VAN SUSTEREN: He could make one phone call.

CORNYN: It is than the complicated. Senator Grassley on the Senate Judiciary Committee, Darrell Issa in in the House have been extracting the information from the subpoena power of the house and it shouldn't be that hard. But what happens in Washington, as you know, sometimes when people make mistakes, it is not the mistake, it's the cover up. And I am afraid that's kind of where we are headed.

VAN SUSTEREN: So do you think they are not busy, that they are deliberately trying to cover something up?

CORNYN: They are certainly giving us a stiff arm. They are not being cooperative. And a lot of contradictory evidence which has been -- which has been disclosed by the investigation has not explained. To me, when a border patrol agent is killed using one of these 2,000 firearms purchased from dealers in the United States and allowed with the knowledge of U.S. government to walk across the border and get in the hands of the cartels, that should be news. And the attorney general should know about it. And if he doesn't know about it, if I were him, I would want to know why he didn't know about this and who authorized this and hold the people responsible and accountable.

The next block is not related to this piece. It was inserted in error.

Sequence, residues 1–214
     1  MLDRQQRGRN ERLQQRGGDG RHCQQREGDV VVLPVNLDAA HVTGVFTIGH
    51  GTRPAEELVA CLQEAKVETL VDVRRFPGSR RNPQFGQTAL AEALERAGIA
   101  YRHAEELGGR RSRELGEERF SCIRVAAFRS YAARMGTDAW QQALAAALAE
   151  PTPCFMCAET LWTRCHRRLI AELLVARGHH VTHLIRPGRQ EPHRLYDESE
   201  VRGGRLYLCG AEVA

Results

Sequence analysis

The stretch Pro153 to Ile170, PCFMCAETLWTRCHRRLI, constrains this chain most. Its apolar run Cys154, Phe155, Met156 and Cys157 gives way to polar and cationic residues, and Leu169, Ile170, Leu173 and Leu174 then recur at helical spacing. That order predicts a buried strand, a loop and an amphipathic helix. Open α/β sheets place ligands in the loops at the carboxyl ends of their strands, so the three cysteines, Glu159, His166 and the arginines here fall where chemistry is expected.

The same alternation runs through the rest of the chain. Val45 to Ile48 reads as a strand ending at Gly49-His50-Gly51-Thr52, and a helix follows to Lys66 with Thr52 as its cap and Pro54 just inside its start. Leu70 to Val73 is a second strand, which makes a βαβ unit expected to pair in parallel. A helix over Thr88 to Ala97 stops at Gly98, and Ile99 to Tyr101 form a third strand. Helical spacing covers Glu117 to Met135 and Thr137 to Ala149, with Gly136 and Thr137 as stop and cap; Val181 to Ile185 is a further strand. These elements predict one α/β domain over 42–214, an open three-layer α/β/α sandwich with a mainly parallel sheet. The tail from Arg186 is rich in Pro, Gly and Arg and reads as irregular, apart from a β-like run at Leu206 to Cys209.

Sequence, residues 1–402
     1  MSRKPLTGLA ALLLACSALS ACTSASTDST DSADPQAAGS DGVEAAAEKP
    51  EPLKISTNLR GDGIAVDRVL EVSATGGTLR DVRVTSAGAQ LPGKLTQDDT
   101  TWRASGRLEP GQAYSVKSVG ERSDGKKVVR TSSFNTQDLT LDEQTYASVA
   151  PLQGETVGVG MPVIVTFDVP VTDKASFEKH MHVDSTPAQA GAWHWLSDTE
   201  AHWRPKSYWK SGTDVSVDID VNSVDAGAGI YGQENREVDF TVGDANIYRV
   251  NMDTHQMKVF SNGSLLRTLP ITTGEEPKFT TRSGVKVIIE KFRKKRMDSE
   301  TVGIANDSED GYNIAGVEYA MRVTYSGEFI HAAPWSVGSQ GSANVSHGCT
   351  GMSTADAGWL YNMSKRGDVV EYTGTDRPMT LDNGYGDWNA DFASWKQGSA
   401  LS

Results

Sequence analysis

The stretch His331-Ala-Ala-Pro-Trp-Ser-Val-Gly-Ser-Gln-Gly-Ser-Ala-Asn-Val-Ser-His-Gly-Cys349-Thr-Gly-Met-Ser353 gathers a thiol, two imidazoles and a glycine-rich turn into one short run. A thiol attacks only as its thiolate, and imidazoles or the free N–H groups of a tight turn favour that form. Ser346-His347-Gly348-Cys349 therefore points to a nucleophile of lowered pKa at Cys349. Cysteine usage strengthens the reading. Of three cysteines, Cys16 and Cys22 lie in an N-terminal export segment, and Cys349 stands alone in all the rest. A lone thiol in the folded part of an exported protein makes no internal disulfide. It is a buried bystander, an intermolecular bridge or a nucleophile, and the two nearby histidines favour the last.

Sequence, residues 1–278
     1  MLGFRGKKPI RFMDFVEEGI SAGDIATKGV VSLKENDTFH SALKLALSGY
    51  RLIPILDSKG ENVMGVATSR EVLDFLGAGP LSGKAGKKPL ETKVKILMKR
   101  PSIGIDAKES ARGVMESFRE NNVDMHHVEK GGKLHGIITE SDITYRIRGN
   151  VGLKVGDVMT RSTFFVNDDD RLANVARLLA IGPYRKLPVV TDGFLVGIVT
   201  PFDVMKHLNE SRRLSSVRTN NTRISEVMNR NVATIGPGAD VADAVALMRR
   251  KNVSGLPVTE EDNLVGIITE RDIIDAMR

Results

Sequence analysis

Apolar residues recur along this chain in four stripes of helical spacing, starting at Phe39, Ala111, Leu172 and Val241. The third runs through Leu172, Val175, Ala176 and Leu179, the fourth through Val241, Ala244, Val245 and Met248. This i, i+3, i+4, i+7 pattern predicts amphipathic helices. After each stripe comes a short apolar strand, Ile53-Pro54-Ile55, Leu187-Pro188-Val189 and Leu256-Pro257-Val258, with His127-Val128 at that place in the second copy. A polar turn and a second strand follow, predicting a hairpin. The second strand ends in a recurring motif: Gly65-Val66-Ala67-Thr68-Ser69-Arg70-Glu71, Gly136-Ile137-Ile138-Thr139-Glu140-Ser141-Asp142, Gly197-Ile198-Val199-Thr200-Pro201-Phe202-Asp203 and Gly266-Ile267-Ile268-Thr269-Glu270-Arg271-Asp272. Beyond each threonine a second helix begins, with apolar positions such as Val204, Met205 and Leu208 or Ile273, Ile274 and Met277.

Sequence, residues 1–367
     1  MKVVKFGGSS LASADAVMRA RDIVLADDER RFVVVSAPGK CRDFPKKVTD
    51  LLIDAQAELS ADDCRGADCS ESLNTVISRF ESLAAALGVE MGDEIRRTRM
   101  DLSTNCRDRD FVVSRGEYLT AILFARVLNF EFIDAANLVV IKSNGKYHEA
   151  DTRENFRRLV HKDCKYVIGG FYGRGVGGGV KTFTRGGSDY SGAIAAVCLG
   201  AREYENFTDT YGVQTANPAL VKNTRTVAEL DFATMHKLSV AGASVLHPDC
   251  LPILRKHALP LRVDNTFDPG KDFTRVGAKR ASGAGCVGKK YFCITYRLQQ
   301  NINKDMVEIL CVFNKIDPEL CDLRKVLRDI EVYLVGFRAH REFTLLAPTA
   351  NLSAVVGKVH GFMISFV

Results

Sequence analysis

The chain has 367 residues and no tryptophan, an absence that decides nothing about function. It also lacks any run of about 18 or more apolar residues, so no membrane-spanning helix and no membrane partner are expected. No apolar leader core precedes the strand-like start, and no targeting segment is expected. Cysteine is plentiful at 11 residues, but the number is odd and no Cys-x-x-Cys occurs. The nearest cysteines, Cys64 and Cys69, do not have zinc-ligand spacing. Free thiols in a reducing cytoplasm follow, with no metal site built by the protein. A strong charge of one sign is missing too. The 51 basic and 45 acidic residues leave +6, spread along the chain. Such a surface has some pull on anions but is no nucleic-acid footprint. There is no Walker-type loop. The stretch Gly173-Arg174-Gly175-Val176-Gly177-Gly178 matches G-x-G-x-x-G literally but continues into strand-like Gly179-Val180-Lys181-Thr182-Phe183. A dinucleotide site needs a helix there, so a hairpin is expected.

VAN SUSTEREN: Let me switch to the border area since it is your state. There are some who sort of act -- I don't think they think it is as serious as some other people do in terms of the level of seriousness and violence. Can you give me an assessment of the Texas-Mexico border?

CORNYN: What is happening in Texas is nothing shorts of a drug war. About 40,000 people killed as a result of President Calderon and the federal government in Mexico challenging the cartels and trying to bring them to justice. But these folks are very well armed. They have a lot of money from drug sales here in the United States. They have extended networks of gangs that distribute the drugs.

VAN SUSTEREN: So it is coming into the United States, in your opinion?

CORNYN: Yes. But this is important, though, Greta. Some of the border towns in the Texas side are some of the safest cities in America, like El Paso. Juarez, on the other side of the river, as you can see, standing on the bridge, is one of the most dangerous. I think the cartels realize if they spillover in a significant way in the United States, they will reap a whirlwind of American law enforce on them, and they don't want to do that.

VAN SUSTEREN: Is there a difference between the cities and the ranch areas? I know people say El Paso is safe, but what about the ranch areas? A lot of ranchers say they are worried?

CORNYN: They should be worried because our border is not under control, notwithstanding the protests of the president and Secretary Napolitano. We had well over a half million people coming across last year, selling drugs to people and whatnot coming into the United States, and 59,000 came from countries other than Mexico. So we know Mexico remains a pipeline for a lot of illicit activity and it's very dangerous.

And people who used to be able to be on their ranches in south Texas and enjoy those are afraid now because of the violence and the cartels and the type of people who are coming across are much different from the way it used to be.

VAN SUSTEREN: Thank you, sir. Nice to see you.

CORNYN: Thank you. Nice to see you.